Videos about the ‘logical’ ways we excuse sex assault will make you want to rage screamOn September 22, 2017 by Kenna
There are countless ways to explain the concept of sexual consent.
A new trio of videos released in partnership with the It’s On Us campaign uses a less obvious strategy: humor.
In each of the videos, a woman has an urge she can’t control, so she indulges herself in the most comical way possible. In just a minute, the absurdity of each scene demonstrates how so-called logical justifications for sexual assault make zero sense.
First, a woman sees a wedding cake that’s impossible to resist. She shoves a fistful of the dessert into her mouth as the baker watches in horror. Next, two women see a sculpture in a museum they absolutely must touch. The guard implores them to stop, but they just laugh in his face.
Finally, a woman walks into a hardware store dying to pee and rushes to use a floor model toilet. “You need to leave right now or I’m gonna call the cops,” says the store clerk.
The woman becomes outraged. “Dude, what’s your problem,” she shouts. “I come in here with a biological urge that I can’t be expected to control. You’ve got everything just out on display, super proud to show off what you got, and then you’re shocked when I come in here and let nature run its course? Really?”
When she puts it that way, the most common defense of sexual assault looks not just idiotic but grotesque.
The videos were created by the advertising collective 101-North Marketing and are being distributed by It’s On Us, the campus sexual assault prevention campaign launched by President Barack Obama and Vice President Joe Biden in 2014.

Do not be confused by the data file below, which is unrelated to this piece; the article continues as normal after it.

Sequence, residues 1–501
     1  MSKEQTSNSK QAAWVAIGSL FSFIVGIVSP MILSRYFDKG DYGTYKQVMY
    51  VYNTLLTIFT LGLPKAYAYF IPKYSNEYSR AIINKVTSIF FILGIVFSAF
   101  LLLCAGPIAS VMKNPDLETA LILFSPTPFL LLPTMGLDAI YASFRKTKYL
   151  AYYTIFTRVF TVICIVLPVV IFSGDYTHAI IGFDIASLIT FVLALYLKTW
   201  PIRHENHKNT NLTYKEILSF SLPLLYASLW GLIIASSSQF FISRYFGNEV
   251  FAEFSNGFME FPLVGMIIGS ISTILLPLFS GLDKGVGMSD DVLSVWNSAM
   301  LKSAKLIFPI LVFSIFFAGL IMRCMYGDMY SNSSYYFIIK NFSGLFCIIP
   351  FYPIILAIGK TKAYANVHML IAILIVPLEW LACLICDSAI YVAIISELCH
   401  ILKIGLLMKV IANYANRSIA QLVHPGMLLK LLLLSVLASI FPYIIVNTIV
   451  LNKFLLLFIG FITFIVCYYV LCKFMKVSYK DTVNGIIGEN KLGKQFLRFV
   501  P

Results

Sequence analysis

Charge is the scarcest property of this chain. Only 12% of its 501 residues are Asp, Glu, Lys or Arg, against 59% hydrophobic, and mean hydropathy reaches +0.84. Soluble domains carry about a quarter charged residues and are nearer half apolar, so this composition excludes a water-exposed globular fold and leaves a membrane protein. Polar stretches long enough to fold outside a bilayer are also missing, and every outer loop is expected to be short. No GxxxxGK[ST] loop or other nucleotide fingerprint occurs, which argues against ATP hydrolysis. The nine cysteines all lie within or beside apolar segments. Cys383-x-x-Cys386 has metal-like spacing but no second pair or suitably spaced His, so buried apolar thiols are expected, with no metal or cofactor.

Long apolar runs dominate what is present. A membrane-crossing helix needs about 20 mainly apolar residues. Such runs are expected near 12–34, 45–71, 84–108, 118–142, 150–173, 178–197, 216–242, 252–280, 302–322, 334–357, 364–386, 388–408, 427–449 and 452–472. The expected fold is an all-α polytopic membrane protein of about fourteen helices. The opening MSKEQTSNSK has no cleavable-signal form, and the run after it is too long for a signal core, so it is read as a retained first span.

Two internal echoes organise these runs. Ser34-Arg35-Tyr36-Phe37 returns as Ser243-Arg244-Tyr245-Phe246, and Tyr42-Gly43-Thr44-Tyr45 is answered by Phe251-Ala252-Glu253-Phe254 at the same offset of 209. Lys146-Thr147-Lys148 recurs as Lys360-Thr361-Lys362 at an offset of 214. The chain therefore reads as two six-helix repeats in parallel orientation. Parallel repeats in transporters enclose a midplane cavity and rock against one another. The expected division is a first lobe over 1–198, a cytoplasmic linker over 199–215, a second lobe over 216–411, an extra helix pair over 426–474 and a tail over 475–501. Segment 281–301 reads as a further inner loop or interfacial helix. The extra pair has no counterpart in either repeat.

“Sexual assault is a delicate subject, and while we didn’t want to make light of the issue, we also thought that if we could find the right angle, addressing it with comedy could be really effective,” said 101-North Marketing writer/director Johanna Stein and producer David Gassman in an email.
Elvin Bruno, the campus programs director for It’s On Us, says the campaign is always looking for new ways to communicate its message. Indeed, these humorous videos make consent look like common sense without raising the darker themes that often define sexual assault prevention PSAs.
The timing is important, says Bruno, because the Department of Education, led by Trump appointee Betsy DeVos, is reviewing Obama-era protections for campus sexual assault victims.
DeVos has criticized the system for how schools establish the guilt of alleged rapists and said that approach may lead to litigation and appeals that re-traumatize survivors. Advocates believe the current guidelines hold schools accountable for investigating accusations of assault and punishing guilty students.
Bruno says the best way for students’ to protest any changes to the current system is to comment on the process. It’s On Us will send people an alert when the comment period opens if they signup for the campaign’s pledge.
“We’re issuing a rallying cry for everyone to become part of the solution … and create an environment where survivors are supported,” says Bruno.
If that happens to be triggered by watching an unexpectedly funny video about consent, then all the better.